FOLLOW THE LEADER
When Kim Il Sung started a mass campaign promoting his son to become his successor the country already had a model of worshipping the head of state. Before Kim Jong Il was formally shown to the public, he was called by a slightly strange euphemism of “Party’s Center.” But after he came into public view in 1980-81, he received his first title – “Dear Mentor.”
It was in December 1994, a few months after Kim Il Sung died, that the Dear Mentor changed his title to the Great Guide, but the canon of Kim Jong Il’s titles was finally constructed only in 1998. His short title became “Commander,” the same word which was used to refer to his father long ago, the standard – “Great Guide,” and the full one – “General Secretary of the Workers’ Party of Korea, Chairman of the National Defense Commission of the Democratic People’s Republic of Korea, Supreme Commander of the Korean People’s Army, the Great Guide respected comrade Kim Jong Il.” Of course, Kim Jong Il also had a lot of secondary titles, and sometimes he was even called “the Great Leader,” but usually it was avoided in order to no create unnecessary confusion.
Kim Jong Un’s promotion, starting in the late 2000s, seemingly followed Kim Jong Il’s model. The first title of the third Kim was “the Young General.” Kim Jong Un was reportedly fond of this four-star rank, which, for the record, is literally translated from Korean as “Big Boss,” and, apart from rumors and the campaign itself, it may be substituted by the fact that the only known photo of Kim Jong Un in military uniform was taken when he was a General – and once he was later promoted to Marshal, he was always dressing like a civilian.
However, when Kim Jong Il died in 2011, the succession campaign was very far from complete. Nevertheless, Kim Jong Un was announced as successor and so his personality cult was to be constructed – as soon as possible.
In a few days, his name also started to be written in bold and within about a week after the demise of the Great Guide, Kim Jong Un received his standard title: “the Supreme Guide.” It took more time for the short title to be shaped. From July 2012, Kim Jong Un became “Beloved and Respected Marshal.” The full title of the youngest Kim is “the First Secretary of the Workers’ Party of Korea, the First Chairman of the National Defense Commission of the Democratic People’s Republic of Korea, the Supreme Commander of the Korean People’s Army, the Supreme Guide of our Party and of our people, the Beloved and Respected Marshal Kim Jong Un,” with “Marshal” sometimes be substituted for “respected comrade.”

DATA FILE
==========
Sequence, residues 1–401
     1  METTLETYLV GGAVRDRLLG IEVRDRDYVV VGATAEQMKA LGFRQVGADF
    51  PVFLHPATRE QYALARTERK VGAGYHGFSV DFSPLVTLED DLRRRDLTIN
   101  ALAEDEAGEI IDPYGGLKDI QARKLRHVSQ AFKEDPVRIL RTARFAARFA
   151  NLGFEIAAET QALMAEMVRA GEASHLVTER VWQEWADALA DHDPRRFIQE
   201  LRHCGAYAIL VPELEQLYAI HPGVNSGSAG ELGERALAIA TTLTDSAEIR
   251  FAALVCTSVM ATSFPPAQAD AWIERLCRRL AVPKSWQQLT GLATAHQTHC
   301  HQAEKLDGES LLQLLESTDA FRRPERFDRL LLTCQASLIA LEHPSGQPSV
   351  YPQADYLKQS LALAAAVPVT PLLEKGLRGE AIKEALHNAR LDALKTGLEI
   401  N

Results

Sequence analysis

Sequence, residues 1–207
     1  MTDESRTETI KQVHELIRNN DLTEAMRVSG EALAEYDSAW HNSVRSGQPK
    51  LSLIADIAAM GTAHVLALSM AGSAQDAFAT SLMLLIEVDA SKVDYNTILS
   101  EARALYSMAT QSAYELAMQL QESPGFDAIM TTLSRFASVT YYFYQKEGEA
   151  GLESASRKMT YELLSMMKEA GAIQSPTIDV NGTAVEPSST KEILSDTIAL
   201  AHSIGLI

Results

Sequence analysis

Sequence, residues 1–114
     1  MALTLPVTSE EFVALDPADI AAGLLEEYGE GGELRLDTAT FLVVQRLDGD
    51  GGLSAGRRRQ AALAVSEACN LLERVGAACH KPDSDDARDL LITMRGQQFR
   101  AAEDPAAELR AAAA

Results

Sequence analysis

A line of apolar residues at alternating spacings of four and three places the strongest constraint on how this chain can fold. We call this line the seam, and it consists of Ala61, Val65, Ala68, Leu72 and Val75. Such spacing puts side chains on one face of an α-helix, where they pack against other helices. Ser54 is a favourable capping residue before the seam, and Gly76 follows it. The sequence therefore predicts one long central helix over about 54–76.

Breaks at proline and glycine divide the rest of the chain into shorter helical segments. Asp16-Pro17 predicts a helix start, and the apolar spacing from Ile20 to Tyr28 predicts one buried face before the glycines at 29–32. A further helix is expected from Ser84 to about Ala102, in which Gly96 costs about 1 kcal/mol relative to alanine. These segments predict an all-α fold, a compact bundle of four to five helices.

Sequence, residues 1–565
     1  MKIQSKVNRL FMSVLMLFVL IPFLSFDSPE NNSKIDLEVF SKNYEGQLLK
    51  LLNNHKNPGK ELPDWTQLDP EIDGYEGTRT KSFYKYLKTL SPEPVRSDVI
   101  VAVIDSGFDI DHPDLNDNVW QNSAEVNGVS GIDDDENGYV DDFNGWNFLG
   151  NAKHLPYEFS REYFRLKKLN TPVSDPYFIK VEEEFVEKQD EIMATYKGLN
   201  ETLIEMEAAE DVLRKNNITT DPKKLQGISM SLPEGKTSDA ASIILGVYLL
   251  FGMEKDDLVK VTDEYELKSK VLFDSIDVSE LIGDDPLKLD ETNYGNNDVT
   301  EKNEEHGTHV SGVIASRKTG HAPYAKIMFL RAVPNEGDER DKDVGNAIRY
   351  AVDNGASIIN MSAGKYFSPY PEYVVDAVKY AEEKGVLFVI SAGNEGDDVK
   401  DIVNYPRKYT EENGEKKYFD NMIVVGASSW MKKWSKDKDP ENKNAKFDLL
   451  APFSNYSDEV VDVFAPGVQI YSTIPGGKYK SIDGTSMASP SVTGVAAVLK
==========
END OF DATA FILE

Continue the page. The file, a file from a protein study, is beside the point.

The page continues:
As for the secondary titles, the situation is not so bright – as almost all possible combinations of Suns, Fathers, Leaders, Guides and Bright Stars were already used, the North Korean propagandists have to work hard to invent something else. To the date, the only unique secondary title of the youngest Kim I can think of is “The Sun of the World.” One, however, should not give up and keep faith in the great force of progress.
When Kim Jong Il died, the North Korean leadership faced the unexpected: the process of Kim Jong Un being anointed as successor had just began and was far from complete. Pyongyang had to rush to promote the young Kim to all necessary positions. Kim Jong Un had to be appointed supreme commander of the Korean People’s Army, the first secretary of the Workers’ Party of Korea, the chairman of the
Fyodor Tertitskiy is an expert in North Korean politics and the military and a contributor to NK News and NK Pro. He holds a Ph.D. in Sociology from Seoul National University, and is author of "North Korea before Kim Il Sung," which you buy here.